Metro speaks of the disgraced Hollywood producer being “locked up at last”. Under a headline: “Arrogance of a Monster”, the Daily Mail says Weinstein expected to be cleared – but is now facing up to 25 years in jail.

Weinstein still faces charges in Los Angeles of assaulting two women in 2013.

The Sun reckons that he is likely to die in jail after his trial in New York. It says he faces up to 29 years behind bars, despite continuing to insist he was innocent.

However, the Daily Mirror cautions that the disgraced Hollywood producer could serve as few as five years in prison.

The Financial Times observes that this was a difficult case for prosecutors: the vast majority of incidents that led to allegations against him had either taken place too long ago to be tried in court, while others fell outside New York’s jurisdiction; and some of Weinstein’s accusers had had a complex relationship with him.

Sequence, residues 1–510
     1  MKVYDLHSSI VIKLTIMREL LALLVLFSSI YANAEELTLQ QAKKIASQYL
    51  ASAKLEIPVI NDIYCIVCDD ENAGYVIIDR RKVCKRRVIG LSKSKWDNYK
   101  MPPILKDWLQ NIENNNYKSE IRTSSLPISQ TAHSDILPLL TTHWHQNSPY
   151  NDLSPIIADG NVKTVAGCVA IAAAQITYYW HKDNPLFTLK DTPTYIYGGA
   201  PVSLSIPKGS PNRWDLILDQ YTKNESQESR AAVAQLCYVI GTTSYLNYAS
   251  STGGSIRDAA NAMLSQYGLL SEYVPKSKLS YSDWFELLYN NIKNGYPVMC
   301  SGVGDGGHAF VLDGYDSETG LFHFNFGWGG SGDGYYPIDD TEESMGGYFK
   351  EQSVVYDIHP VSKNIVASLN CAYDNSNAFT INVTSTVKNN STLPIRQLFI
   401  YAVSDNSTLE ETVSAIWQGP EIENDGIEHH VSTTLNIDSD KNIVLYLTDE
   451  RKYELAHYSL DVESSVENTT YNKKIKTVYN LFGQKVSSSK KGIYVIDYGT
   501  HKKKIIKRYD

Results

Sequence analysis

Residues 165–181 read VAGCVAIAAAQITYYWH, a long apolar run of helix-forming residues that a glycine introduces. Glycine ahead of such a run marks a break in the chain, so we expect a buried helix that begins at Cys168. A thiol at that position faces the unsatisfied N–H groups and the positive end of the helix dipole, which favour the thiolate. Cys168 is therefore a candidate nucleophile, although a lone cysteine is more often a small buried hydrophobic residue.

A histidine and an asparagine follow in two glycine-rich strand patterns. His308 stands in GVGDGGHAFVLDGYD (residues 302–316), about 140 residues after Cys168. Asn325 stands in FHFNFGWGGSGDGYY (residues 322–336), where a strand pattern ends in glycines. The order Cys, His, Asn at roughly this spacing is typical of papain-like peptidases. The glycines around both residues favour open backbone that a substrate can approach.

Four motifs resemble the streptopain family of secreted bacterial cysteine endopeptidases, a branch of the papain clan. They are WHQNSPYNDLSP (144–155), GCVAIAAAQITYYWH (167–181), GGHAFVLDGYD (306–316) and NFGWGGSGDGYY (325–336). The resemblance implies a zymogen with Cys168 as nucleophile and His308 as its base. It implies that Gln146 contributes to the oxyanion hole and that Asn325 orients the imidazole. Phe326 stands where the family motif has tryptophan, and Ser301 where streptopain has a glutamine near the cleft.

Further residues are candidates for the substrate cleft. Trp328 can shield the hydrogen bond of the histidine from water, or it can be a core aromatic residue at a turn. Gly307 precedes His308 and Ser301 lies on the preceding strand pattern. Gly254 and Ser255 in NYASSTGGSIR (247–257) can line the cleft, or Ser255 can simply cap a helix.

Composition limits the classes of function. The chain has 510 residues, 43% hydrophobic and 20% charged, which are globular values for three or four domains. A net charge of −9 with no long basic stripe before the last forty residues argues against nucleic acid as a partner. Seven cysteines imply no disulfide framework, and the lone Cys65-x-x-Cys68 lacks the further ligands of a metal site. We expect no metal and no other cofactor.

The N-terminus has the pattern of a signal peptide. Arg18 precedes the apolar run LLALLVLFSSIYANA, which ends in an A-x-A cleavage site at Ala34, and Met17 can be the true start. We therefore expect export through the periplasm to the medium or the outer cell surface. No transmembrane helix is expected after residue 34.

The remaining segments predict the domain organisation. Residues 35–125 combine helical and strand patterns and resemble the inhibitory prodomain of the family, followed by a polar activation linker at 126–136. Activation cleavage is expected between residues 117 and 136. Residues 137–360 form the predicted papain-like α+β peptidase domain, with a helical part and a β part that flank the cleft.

Former Hollywood producer Harvey Weinstein arrives at court on Monday

Elsewhere, the Daily Telegraph reports that British holidaymakers returning from parts of Italy hit by the coronavirus will be told to “self-isolate” for 14 days if they’re showing potential symptoms of the illness.

But the paper adds that health officials have also discussed whether to escalate these measures further by asking everyone who has visited the affected regions to stay at home for a fortnight; which it says could affect thousands of people.

The main story in the Sun is that the film star, Tom Cruise, is fleeing to Britain from the set of the new Mission: Impossible film in Venice – now deemed a high-risk area, it says.